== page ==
3 frickin’ posts?!? That all I did in February? I’m so ashamed, and I mean that. I had other things to post about, but I didn’t. I’m just out of the habit. My best blog buddy Sara (who I haven’t reached out to in weeks) has retired the Weekend Cookbook Challenge and I didn’t even know. I haven’t posted to that in months!! I’m such a loser! I swear to her, I swear to you, I swear to God, I will post more. My Lenten observance will be to post at least three days a week (notice I didn’t say, “three times” a week, I could do that in one day by splitting a post into three parts).
Quite a while back I picked up Charcuterie by Michael Ruhlman. It was in Charcuterie that I got the basis of the Corned Beef recipe I’ve used. Soon there after, I loaned it to a friend and never saw it again for two years. Just a few weeks ago, I got it back and I had forgotten how wonderful it is. Flipping through the book, I stumbled upon his sausage recipes and vowed to try the Italian Sausage recipes, mainly because it wasn’t intended to be cased. I picked up some ground pork and went to town.
SWEET ITALIAN SAUSAGE
- 4 pounds of boneless shoulder butt, diced (I used the ground pork I bought)
- 1 pound pork fat back, diced (I used about ½ pound of lard I had)
- 1 ½ ounces (3 Tbls) kosher salt
- 2 Tbls Sugar
- 2 tsp minced garlic
- 2 Tbls fennel seeds, lightly toasted (maybe 1 Tbls would be better)
- 2 tsp coarsely ground pepper
- 2 Tbls sweet paprika
- ¾ cup of ice water
- ¼ cup chilled red wine vinegar
- Combine all of the ingredients except the water and vinegar and toss to distribute the seasoning. Chill until ready to grind.
- Grind the mixture through the small die into a bowl set in ice water. (The ice water keeps the mixture cool. If it warms up, even to room temperature, the fat separates and reduces the quality of the cooked sausage.)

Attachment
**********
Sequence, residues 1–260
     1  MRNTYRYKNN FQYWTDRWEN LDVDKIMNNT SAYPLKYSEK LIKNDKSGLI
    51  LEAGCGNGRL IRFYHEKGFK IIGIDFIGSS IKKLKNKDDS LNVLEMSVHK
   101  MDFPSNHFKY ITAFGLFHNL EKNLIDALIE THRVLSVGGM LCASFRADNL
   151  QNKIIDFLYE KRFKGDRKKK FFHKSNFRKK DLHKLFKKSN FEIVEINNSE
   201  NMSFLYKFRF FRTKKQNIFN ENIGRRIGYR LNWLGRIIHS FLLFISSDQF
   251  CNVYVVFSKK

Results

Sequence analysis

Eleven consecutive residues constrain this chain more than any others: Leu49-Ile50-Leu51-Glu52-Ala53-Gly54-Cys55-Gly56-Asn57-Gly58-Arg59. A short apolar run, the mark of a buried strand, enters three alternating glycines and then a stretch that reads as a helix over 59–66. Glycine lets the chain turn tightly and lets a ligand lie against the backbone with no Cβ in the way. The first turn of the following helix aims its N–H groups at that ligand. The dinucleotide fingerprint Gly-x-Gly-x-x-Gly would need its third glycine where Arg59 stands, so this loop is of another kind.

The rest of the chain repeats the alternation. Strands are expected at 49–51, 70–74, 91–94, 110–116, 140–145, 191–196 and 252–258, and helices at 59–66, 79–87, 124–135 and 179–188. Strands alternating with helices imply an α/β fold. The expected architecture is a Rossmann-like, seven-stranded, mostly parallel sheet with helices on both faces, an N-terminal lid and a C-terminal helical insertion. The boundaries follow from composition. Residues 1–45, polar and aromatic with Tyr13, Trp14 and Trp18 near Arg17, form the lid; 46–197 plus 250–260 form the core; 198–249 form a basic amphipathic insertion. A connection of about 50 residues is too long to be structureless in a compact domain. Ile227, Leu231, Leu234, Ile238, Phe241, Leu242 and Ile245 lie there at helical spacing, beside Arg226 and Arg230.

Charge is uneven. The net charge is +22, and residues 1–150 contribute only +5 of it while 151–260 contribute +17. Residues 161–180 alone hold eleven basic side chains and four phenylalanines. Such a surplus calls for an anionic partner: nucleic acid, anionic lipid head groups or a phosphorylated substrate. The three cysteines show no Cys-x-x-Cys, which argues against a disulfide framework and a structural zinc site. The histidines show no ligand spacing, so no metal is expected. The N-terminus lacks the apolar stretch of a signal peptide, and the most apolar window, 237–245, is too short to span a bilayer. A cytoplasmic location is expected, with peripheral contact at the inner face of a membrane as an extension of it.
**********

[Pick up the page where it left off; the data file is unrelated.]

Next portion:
- Add the water and vinegar to the mixture and mix with the paddle attachment (or sturdy spoon) until the liquids are incorporated and he mixture has developed a uniform, sticky appearance, about 1 minute on medium speed.
- Sauté a small portion, taste, and adjust the seasoning as necessary.
OK, a few things. Obviously, you need a meat grinder or, more likely, a KitchenAid with the grinder attachment, like I have. I bought ground pork, but I still mixed it with everything and put it through the grinder anyway.
It was good. It was very good. Maybe a little to fennel-y, but, still very good. Still, I wondered if the texture wouldn’t be better if I ground the meat myself.
Last week, I bought some pork butt and found some pork belly, oddly cut into 2 inch thick slices instead of being baconfied, so I bought that for the fat back part of this recipe. I did make it again, but because it was Ash Wednesday and I’m Catholic and I couldn’t eat meat, so I didn’t actually try it.
The first time Clearblogs, my first blog hosting service disappeared, I said I wasn’t all that unhappy because it gave me a chance to repost all of my best recipes. Of course, Clearblogs reappeared and I never reposted any of the great recipes.
Then, just a month or so ago, Clearblogs disappeared again and this time, it looks for good. So, I’m taking this opportunity to repost some of what I consider my best recipes. And one of the best is Mike’s Mac and Cheese. This post will actually be the THIRD time it has graced the cyber-pages of Mel’s Diner. The first post was obviously the original Mel’s Diner post and it re-appeared as a link on a Best of… post.
I made this two times this weekend, perfecting the recipe. I made it on Saturday for the family to eat for dinner that night and again on Sunday to bring in to work for some very deserving friends.
As I said in the original post, what makes this Mac and Cheese so good in the Béchamel Sauce (actually an extra cheesy Mornay Sauce). Steeping the diary in a mirepoix and bouquet garni adds a depth of flavor to the resulting cheese sauce that regular mac and cheese can never match. Trust me, if I had this as a weapon in high school (or college), I would have had a lot more girlfriends that I did. Chicks dig guys who can cook.
- 1 small onion, diced
- 1 small carrot, diced
- 1 celery stalk, diced
- Bouquet Garni (bay leaf, peppercorns, parsley stems, thyme, etc.)
- 4 cups of Light Cream
- 2 tbs. of butter
- 1 ½ cups of shredded cheese (cheddar, jack, muenster, etc. Must be at least half Cheddar!)
- ½ cup of Parmigiano-Reggiano
- 1 1/2 Tbls. flour